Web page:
Magazine article Mortgage Banking

The Intrepid American Consumer. (Cover Report: Industry Trends)

Magazine article Mortgage Banking

The Intrepid American Consumer. (Cover Report: Industry Trends)

Article excerpt

For nearly two years observers have been expecting the consumer engine that drives the economy to stall. So far--thanks to incredibly low interest rates and rising home values and personal incomes--consumers continue to spend. And they continue to invest in housing. How long can it last?

ONCE UPON A TIME IN AMERICA there was a consumer society with a predictable pattern of behavior.

Consumers spent money, took on more debt and then spent more. Businesses expanded until the economy overheated. As the good times rolled, lenders became a little lax and credits weakened. To curb inflation, the Federal Reserve would raise interest rates. This caused the economy to slow. Profits fell. Layoffs spread around the nation. Consumer credit deteriorated. Lenders tightened underwriting standards and pulled back credit lines. The consumer started spending less and saving more. Household debt ratios went down.

Then, after inflation came down as the economy cooled, the Federal Reserve would reverse course and lower interest rates to get things going again. Consumers--who had denied themselves for a long time and thus had pent-up demand--began to spend again. The economy began to grow again, sometimes very rapidly. The economy had come full circle.

This time, it's different--quite different. During the long boom of the 1990s and into early 2000, the economy did not overheat and inflation was kept well under control, thanks partly to big gains in productivity. There was virtually no inflation to bring down. Another twist was this time the recession came with low interest rates, followed by further rate reductions and the beginning of a recovery.

During this recession, layoffs have not been rampant--August unemployment was down to 5.7 percent from 5.9 percent in July. Personal income has continued to rise. Importantly, productivity not only rose during the recession; it soared during the early recovery. Credit quality has mostly held up.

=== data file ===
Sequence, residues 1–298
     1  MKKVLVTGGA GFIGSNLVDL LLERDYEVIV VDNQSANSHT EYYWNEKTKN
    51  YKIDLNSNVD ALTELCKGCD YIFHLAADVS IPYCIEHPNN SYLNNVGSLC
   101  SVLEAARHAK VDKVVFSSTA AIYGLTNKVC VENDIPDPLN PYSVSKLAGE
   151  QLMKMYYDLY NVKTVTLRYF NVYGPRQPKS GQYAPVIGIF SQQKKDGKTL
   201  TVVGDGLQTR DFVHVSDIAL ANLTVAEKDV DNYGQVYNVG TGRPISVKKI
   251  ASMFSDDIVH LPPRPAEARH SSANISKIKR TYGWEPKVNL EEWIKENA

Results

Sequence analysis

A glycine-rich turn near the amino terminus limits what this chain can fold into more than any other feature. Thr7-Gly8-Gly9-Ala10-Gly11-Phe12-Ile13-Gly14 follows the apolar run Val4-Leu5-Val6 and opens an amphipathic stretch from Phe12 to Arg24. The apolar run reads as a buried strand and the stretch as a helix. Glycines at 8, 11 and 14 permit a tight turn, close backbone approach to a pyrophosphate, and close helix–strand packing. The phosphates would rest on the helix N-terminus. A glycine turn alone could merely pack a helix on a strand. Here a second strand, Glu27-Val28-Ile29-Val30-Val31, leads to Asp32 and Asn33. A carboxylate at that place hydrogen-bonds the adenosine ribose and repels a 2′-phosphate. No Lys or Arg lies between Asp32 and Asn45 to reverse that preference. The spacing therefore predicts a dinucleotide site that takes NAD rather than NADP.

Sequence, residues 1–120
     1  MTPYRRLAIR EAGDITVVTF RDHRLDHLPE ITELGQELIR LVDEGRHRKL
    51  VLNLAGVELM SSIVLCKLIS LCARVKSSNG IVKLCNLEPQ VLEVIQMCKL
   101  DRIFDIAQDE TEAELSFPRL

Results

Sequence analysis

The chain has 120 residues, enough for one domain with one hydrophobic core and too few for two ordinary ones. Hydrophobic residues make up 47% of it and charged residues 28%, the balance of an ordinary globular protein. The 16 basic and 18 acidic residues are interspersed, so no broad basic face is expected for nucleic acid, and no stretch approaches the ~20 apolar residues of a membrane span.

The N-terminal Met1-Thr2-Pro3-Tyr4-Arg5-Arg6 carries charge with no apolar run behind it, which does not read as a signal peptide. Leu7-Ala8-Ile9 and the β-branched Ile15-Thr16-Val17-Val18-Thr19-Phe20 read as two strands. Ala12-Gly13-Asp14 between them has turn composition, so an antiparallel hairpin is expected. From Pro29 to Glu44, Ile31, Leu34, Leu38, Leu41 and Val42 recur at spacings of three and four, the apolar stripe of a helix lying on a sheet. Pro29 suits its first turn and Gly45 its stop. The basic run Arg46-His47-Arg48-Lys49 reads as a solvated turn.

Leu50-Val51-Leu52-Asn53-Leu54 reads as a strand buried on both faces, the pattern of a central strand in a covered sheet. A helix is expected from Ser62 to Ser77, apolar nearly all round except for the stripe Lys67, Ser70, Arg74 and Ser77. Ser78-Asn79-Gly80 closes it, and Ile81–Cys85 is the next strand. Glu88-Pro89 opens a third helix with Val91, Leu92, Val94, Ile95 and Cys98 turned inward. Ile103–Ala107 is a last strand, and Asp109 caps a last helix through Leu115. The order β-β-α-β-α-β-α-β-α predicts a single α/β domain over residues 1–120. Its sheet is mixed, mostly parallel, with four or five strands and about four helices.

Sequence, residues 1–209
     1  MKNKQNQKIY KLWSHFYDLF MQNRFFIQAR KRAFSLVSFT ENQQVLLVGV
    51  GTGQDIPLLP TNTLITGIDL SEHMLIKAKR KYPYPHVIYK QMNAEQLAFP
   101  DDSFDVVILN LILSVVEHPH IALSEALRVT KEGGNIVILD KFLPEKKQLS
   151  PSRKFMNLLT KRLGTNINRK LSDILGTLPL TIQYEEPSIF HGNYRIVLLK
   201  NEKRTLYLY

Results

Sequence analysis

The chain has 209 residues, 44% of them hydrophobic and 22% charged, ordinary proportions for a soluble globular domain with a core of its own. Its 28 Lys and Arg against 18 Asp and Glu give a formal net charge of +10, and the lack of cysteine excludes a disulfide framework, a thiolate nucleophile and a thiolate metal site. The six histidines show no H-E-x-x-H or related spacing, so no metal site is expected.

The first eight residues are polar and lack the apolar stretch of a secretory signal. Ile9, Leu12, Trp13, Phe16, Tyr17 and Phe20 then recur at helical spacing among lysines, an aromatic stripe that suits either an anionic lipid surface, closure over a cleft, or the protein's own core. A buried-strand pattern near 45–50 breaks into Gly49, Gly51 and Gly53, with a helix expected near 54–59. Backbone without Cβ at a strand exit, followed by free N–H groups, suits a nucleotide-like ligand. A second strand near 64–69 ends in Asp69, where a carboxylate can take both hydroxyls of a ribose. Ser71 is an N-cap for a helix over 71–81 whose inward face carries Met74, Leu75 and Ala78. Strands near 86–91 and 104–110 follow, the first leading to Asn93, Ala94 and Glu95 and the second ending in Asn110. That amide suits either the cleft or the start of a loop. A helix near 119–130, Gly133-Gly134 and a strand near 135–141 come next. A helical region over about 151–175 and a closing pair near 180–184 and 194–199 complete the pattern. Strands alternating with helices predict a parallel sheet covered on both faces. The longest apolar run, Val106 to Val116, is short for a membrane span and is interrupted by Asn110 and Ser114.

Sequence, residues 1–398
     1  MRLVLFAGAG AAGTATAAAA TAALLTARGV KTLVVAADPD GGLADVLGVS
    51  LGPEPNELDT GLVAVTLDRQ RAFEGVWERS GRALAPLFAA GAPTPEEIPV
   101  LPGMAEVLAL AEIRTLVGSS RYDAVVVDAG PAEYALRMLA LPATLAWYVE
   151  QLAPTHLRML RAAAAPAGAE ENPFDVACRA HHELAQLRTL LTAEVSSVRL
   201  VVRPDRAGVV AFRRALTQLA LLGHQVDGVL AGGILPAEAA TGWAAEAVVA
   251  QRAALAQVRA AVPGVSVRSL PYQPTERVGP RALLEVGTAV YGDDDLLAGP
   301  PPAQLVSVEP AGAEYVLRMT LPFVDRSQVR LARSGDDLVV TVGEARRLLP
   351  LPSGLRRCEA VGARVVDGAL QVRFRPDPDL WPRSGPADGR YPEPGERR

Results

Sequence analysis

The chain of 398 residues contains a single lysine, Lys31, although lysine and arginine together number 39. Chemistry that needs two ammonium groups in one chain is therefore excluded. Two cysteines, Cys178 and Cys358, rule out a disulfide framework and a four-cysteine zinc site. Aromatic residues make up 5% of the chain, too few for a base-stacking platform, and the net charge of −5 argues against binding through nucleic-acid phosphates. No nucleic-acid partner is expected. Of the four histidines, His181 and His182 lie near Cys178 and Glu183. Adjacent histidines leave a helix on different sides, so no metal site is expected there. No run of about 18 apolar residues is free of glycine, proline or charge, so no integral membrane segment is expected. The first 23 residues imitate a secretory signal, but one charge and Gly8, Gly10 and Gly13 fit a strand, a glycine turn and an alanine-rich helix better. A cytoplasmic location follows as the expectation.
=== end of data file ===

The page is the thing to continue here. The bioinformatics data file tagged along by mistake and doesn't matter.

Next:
"There's some deterioration in consumer credit, but it's not that significant," says Nancy Wentzler, chief economist with the Office of the Comptroller of the Currency (OCC), Washington, D.C., which oversees bank examinations.

The intrepid consumer, while cutting back last year, sharply stepped up spending in the first quarter, then slowed spending dramatically in the second. More recently, consumers resumed spending at a more moderate level in July even as the stock market plunged to a six-year low. Most economists expect consumers to continue spending at a moderate 2.5 percent to 3 percent annual pace in the coming months.

"It's not too bad, but not great either," says Stan Shipley, senior economist at Merrill Lynch & Co., New York. "One of the reasons [the recovery] will not be stronger is that usually in a recession you kill off the big consumer sectors, like housing and auto sales. Low interest rates kept both of those alive during the recession. So they will not take off as a result, so the recovery will be a little slower."

Even as economists scale back their forecasts for recovery in the second half of the year, the consumer remains king of the economy. "The strongest sectors of the economy are still tied to the consumer-housing, auto and retail sales," says Shipley. "The consumer is the driver of the U.S. economy," he adds, with rising spending by the federal government adding a little boost into the mix.

There is, however, a note of caution in the air and some worry that the economy could slip back into recession or grow so slowly it will feel like a recession. When the Federal Open Market Committee (FOMC) met in August, its members found the risks facing the economy to be "weighted mainly toward conditions that may generate economic weakness," but kept the Fed funds rate steady at 1.75 percent, a 40-year low

The Fed's shift in bias was made partly because a string of corporate accounting scandals shook the confidence of investors and sent the stock market plummeting. …

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